Who is Hugh Miller?
In short, Hugh is an award-winning designer who creates sophisticated, bespoke wooden furniture with a sculptural, architecture-led feel.
How did his journey with furniture design begin?
Hugh started making furniture at the age of 15, but it didn’t go quite to plan. Keen to make his own writing desk, he visited a sawmill in North Wales and bought some Welsh green oak timber. At the time, he was unaware that ‘green’ didn’t refer to a species of oak, but rather wood that was freshly cut and unprepared for use. After finishing his prized desk and bringing it inside, it promptly buckled, warped and shrunk. Undeterred, this early setback resulted in a fascination with wood and how the material behaves.
Where did he learn his trade?
As a trained architect, Hugh brings a considered eye to his design practice. His background is an intrinsic part of the making process and he views each piece as a small work of architectural engineering, which results in objects with a strong aesthetic presence. Hugh is self-trained in woodwork and started his studio a matter of weeks after graduating. Learning on the job, he soon developed a unique understanding of timber through trial and error, free of the ties of received wisdom.
His pieces are quite unusual – where does he take his inspiration?
As a Churchill Fellow, Hugh spent time in Japan researching traditional craftsmanship and design technique. After returning, Hugh wrote a book about Japanese woodworking and lectured extensively on the subject. The experience was a transformative one and resulted in a set of ancient Japanese design philosophies becoming integral to his method.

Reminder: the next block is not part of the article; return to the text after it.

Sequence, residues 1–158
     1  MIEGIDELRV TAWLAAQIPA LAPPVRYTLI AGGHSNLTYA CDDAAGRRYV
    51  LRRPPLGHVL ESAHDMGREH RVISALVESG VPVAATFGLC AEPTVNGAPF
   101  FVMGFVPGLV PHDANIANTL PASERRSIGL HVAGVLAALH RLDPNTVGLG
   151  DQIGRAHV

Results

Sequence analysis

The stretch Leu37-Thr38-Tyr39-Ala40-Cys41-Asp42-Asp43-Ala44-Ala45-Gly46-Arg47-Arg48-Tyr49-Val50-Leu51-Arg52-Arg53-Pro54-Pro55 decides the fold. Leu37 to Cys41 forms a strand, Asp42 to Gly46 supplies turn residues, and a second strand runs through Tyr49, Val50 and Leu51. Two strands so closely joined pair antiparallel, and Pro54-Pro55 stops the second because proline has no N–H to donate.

How is his furniture made?
Everything is completely handmade from start to finish in solid hardwood by Hugh and a small team of dedicated craftspeople. The finishing touch is a hand-carved maker’s mark personally carved before each piece leaves the studio for its new home.
What are Hugh’s favourite pieces?
Dining Chair no.7 is the designer’s pick. It’s a guaranteed future classic and a set of them is a true heirloom. The chair is complex and time-consuming to make, and a perfect representation of the studio’s design language. One of the most frequently commissioned designs, the piece is available in a variety of woods including cherry, elm and walnut.
How do I get my hands on a piece?
At the entry level, Hugh creates coffee-making items such as caddies, scoops, trays and stirrers fashioned in elm and brass, which are available directly or through crafts galleries such as the Bluecoat Display Centre in Liverpool. These pieces retail from around £60.
More significant pieces, such as a desk or dining table start from around £4,000 and are made to bespoke commission directly through the studio. Hugh’s unique, one-off masterpieces can be purchased through the Contemporary Applied Arts gallery in London, where the studio occasionally exhibits.
What is Hugh’s personal interiors style like?
As you can imagine, Hugh’s home is styled similarly to his studio. He’s made things for himself, most of which are odd items that you can’t buy off the shelf, such as bicycle racks and clothes rails. He uses his coffee-making items every morning, which are an easy way of incorporating high design into the rituals of everyday life.
Does the studio have any exciting news?
Hugh has teamed up with his brother, architect Howard Miller, on a venture that will delight fans of 20th-century utility design. The Mid-Century Kitchen Workshop is a new studio, where the brothers will create hand-crafted kitchens from birch ply, with a distinctly Scandi design ethos.
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